Dealing with Imposter Syndrome
Imposter syndrome is a topic I encounter often when coaching women.
Many women I coach have feelings of inadequacy, of being unworthy or undeserving of where we’re at in life or at work, and have even thought that one day we might be exposed for a fake.
Research has shown that up to 75% of female executives will experience imposter syndrome at least once in their lives. So what exactly is it, how does it manifest, and what can we do to overcome it?
What Imposter Syndrome Can Look And Feel Like
We all deal with inner voices that tell us good and bad things. You can spot imposter syndrome by noticing thoughts and feelings that include:
• Feelings of self-doubt, whether in your ability to be effective in your role as a whole or in decisions you make and your ability to make them
• Feelings of unworthiness of our accomplishments or attention from others; feelings of being unworthy in your role at work
• Feelings of fraudulence or being phony, or that you don’t know what you’re doing and/or don’t know enough
• Thinking your nothing special no matter how skilled you are in your field or specialty
• Attributing your successes to luck or to others; being overly modest and not owning your accomplishments and talents (i.e., “I didn’t do anything — my team did it all and I just got out of the way.”)
• Sidestepping accomplishments and recognition out of discomfort
All of these reactions boil down to fear.
Why Imposter Syndrome Becomes More Difficult For Executives
The best antidote for imposter syndrome is to talk to others about your thoughts and the feelings you’re experiencing, but I’ve found the circle of trust often becomes smaller for leaders and executives. They have fewer mentors and people who feel like they can talk to honestly. They feel more pressure to be perfect and to deliver.
A senior leader may have an amplified experience of imposter syndrome because they feel like they have more people relying on them. Even though they most likely have enjoyed a successful career leading up to their promotion, they may also feel like they have not earned their position, like they were only lucky to have been chosen for it.
Executive positions often equate to high-stress roles that can quickly wear you out. If you have perfectionist tendencies, you may suffer over every small mistake while pushing yourself without feeling fulfillment in your role.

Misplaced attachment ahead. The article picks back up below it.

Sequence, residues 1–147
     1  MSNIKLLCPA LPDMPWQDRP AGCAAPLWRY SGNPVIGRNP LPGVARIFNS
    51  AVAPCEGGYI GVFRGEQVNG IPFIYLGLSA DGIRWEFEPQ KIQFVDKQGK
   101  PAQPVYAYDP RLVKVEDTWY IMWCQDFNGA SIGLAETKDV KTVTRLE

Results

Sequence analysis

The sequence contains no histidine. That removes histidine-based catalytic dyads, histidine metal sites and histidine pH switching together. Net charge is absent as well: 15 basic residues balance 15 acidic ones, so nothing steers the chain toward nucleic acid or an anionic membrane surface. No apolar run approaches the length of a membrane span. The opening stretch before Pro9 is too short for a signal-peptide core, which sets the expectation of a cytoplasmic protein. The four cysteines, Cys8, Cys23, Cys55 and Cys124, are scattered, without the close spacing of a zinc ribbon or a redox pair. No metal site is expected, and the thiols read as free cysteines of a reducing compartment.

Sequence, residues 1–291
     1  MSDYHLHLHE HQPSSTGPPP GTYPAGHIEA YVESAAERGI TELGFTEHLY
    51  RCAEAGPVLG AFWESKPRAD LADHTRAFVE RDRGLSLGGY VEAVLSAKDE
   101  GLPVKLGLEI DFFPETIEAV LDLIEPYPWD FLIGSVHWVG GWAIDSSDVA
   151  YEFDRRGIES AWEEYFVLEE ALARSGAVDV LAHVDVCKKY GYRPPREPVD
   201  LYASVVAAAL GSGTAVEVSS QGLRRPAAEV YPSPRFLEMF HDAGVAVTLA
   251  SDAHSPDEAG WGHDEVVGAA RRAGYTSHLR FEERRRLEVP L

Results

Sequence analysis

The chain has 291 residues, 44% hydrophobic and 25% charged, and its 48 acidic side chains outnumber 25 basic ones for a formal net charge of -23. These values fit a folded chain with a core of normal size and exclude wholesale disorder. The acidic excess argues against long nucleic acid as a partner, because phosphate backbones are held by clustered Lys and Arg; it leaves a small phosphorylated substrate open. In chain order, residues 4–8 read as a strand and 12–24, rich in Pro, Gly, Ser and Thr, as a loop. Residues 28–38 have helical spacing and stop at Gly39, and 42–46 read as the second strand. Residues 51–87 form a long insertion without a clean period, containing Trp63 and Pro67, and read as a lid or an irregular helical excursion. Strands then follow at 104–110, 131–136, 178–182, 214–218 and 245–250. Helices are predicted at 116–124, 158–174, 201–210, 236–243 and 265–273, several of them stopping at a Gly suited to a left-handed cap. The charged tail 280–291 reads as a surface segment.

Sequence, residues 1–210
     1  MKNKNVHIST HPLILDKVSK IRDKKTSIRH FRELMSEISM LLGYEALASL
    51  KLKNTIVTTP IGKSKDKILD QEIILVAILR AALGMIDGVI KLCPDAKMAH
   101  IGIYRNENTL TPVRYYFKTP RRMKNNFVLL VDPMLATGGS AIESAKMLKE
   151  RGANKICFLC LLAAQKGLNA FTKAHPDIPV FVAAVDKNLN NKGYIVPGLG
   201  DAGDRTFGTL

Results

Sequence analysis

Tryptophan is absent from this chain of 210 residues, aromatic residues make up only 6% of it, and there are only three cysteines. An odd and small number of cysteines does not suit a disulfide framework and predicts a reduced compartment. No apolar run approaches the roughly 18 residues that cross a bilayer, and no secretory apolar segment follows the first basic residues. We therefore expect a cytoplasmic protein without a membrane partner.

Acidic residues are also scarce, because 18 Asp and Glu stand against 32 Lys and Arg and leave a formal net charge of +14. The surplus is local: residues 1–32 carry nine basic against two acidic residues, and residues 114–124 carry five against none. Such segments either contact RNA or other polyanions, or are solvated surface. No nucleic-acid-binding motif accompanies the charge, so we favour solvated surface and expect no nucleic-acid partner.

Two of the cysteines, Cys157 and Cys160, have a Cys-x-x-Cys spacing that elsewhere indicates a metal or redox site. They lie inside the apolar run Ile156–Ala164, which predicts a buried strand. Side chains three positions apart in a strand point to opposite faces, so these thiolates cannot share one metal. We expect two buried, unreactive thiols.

How To Deal With Imposter Syndrome, Especially a Female Leader
You can’t prevent the feelings of imposter syndrome, but you can raise your awareness and take action to work through them. Those inner voices — that I refer to as the “committee of idiots” — will come up, but if they are spotted early, they can be addressed and reframed so you can practice resilience.
Remember that you are not the only person who feels this way. There is nothing like talking to someone else about your feelings of self-doubt, and the best way to get comfortable with asking for help is to start, even if that means starting slow at first. Talk to peers, mentors and coaches. Ask your mentors and peers about times they’ve felt in over their heads and experienced similar feelings of self-doubt.
Although it might seem like you have fewer peers in your position, you can always reach out to others who might have previously been in a similar situation. For example, I’ve worked with a mayor whose town was devastated by a flood. He went through great challenges, short term and long term, that seemed one of a kind. Years later, another mayor whose town was ravaged by a wildfire reached out to him to talk. Even though they had never met before, they connected with one another through their shared experiences.
If you feel like you can’t talk to just anybody, allow yourself to be vulnerable with those who have earned the right. They could be long-term mentors, or even peers in similar roles but completely different industries. Coaches and mental health professionals can also be part of this circle. It is important to cultivate a wider support network around you with whom you can freely express your feelings.
Mentoring others also helps to reconnect with the wisdom you possess and recognize your strengths and expertise. Sometimes we forget how much we know and all that we have experienced. This reaffirms that you have something that not everybody has. People look up to you for a reason.
Most importantly, practise self-compassion. Be kind to yourself. Challenge your expectations of yourself, especially where they might be unrealistic.
We Need To Keep Talking About Imposter Syndrome
We tend to believe we are the only ones who feel this way. Left unchecked, these feelings can lead you to derail your own career. It can hold you back from sharing your ideas and from accepting promotions or challenging projects for which you are qualified.
With increased light on imposter syndrome, we can feel freer, to be honest about our feelings and reinforce to ourselves that we do belong. It’s important for us to have feelings of worthiness of our talents. If we want to be healthy leaders, we need to understand where imposter syndrome shows up and work through those feelings.